Paul and Karin Johnsgard, Dragons and Unicorns: A Natural History (St. Martin's Press, 1982)

Dear _________,

Cleaning up after these humans is sometimes a real riot. I do not regret having taken the duty of cleaning up the staff break room for Green Man Review. Oh, the many interesting items I find there: Excalibur sitting in the back of the broom closet; Shakespeare's sequel to "Midsummer's Night Dream" being used by Wolf as a placemat; one of the seven dwarf rings is rumored to be lost behind the couch. I know Liath likes to keep as many of the books as possible in the actual library, but you know these mortals: their curiosity knows few bounds, and they're constantly bringing items into the break room and forgetting to put them back. But I just love cleaning up after them exactly because of the books I get to thumb through.

Take this example. Last week I discovered Dragons and Unicorns: A Natural History by Paul and Karin Johnsgard. That Winslow mortal had fallen asleep in the recliner and let drop this book, so I looked through it before nicely setting it on the table next to the recliner. As its title implies, this is an in-depth piece of non-fiction about two of the animals that mortals have pretty much eradicated from the mundane world. What a shame, isn't it, that the mortals have removed so much of the fantastic, and then write fantasies about it? It would have been so much better had they just left well enough alone to begin with.

But I wander. Anyway, this book. The Johnsgards have done a great job examining dragons and unicorns. It's chock full of wonderful information, such as the classification of dragons, from the hypothetical Protodraco to the three major divisions of lake, flightless, and flying dragons. Especially sad is the map on page 11 that shows where dragons can be found today. Such emptiness! I'm so glad that Drysi was able to find some rest in GMR's Great Hall for a while, especially since she gave us so much work to do! Cleaning up after a dragon! Every brownie's dream!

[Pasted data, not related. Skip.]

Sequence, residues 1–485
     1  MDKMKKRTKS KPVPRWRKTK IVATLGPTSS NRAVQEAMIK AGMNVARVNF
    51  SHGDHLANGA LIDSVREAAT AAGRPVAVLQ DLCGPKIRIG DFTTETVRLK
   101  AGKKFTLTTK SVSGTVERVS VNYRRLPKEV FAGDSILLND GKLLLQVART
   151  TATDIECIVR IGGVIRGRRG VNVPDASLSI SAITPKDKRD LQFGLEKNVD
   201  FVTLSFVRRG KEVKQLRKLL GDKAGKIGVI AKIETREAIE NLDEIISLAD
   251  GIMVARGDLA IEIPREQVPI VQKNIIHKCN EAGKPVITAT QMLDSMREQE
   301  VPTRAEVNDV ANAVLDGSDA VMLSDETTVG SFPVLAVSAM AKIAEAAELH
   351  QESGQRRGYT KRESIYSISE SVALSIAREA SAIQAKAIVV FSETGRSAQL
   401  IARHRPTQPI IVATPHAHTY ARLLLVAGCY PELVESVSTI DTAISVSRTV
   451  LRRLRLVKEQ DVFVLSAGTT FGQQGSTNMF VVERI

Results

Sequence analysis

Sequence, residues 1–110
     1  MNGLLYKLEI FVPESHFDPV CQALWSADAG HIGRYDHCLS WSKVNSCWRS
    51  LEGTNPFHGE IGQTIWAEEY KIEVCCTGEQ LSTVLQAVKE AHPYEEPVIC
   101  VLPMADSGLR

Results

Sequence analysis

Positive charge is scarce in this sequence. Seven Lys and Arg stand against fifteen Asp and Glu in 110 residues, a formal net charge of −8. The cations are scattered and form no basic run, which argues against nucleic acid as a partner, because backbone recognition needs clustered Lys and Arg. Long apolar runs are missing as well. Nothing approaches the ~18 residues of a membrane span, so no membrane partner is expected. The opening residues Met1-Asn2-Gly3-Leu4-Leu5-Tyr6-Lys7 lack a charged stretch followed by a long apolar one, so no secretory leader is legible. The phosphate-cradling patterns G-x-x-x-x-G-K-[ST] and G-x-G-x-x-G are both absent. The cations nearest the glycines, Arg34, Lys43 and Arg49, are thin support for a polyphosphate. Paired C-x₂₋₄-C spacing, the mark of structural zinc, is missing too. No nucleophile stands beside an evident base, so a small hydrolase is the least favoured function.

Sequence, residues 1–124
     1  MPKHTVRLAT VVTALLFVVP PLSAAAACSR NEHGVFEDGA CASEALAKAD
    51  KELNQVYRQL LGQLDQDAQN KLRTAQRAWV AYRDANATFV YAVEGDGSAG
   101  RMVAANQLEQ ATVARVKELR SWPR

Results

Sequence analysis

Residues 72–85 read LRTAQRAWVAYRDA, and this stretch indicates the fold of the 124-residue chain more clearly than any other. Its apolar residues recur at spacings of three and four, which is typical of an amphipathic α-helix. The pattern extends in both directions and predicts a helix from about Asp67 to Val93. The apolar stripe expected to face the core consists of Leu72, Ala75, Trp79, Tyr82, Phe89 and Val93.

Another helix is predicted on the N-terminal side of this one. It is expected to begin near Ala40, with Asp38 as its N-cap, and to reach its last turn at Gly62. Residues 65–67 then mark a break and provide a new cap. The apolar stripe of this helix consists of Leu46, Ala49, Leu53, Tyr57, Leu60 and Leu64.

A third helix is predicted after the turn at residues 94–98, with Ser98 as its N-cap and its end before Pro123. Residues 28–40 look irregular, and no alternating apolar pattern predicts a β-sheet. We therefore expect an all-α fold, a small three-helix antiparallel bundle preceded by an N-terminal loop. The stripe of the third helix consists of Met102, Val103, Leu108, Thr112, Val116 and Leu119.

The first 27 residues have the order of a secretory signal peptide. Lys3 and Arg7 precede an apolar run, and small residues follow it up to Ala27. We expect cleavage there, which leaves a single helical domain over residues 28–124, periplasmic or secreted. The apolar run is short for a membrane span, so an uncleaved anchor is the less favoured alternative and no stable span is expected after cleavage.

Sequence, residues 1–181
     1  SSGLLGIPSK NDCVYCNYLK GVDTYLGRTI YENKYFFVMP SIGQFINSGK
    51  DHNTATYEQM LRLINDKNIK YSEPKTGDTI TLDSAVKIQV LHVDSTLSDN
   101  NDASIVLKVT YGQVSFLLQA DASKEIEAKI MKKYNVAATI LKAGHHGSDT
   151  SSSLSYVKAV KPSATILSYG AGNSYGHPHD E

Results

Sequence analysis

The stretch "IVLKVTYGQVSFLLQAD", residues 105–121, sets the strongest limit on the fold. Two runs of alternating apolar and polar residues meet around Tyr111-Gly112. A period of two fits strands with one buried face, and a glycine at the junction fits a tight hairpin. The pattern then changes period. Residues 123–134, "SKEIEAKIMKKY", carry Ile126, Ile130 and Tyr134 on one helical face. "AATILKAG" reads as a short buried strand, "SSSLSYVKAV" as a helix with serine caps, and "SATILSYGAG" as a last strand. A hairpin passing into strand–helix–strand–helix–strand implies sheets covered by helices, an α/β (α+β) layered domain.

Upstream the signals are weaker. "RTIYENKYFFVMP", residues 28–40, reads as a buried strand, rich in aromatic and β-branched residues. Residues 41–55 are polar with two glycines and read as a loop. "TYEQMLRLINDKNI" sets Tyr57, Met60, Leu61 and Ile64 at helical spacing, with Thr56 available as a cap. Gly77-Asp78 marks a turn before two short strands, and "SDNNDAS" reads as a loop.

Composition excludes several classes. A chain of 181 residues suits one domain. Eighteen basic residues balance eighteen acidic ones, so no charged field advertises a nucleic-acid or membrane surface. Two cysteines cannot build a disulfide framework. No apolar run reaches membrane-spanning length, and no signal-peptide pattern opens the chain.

After discussing the physical aspects of dragons, the Johnsgards go on to discuss the social aspects of dragondom. You would think this would be a very short section, but the Johnsgards do an incredible job analyzing what I would consider an oxymoron: dragon socialization. Such incredible insights they have, though! I'd completely forgotten about the Fire-Breathing Avoidance Consensus Treaty (FACT) that controls what forms of fire-breathing are allowed and where. It's such a part of life now, I just don't think about it.

Other areas that the Johnsgards investigate are the dragons' relationship to mortal kind, including some of those common and nasty myths and preconceptions men have, such as dragons being children-stealers! Amazing what mortals will come up with!

As with the dragons, the Johnsgards do a great job with unicorns. I don't know about you, but I've always had a preference for dragons, since the unicorns are so tidy! Indeed! How is one to clean up after them? I mean, they don't even leave their horns lying around a whole lot, do they? Nooooo. Not at all.  That's why they're so hard to come by and mortals seek after them. Still, the section on unicorns was fascinating.

I think what is the biggest shame is that so many mortals are going to read this book and just think how quaint it is, two authors making up all this stuff about mythical creatures, and making it look like a reference book.  Mythical creatures, indeed! It really is quite tragic that they -- the mortals, I mean -- are so narrow-minded in general. I guess I'm one of the lucky ones, getting to clean up after mortals who still believe that we exist.  Even after that incident with the high priests and the stag beetles, they are still a pleasure to clean up after, especially because they leave me such treats as this book lying around!

I truly hope you can come visit me sometime. Maybe if we plan it right you can come after one of their big parties and we'll have tons to clean!  There's nothing I'd rather do than share that pleasure with you, especially since your mortals pretend you don't exist.

Affectionately yours,

Peasblossom

[Transcribed into mortal script by Matthew Winslow]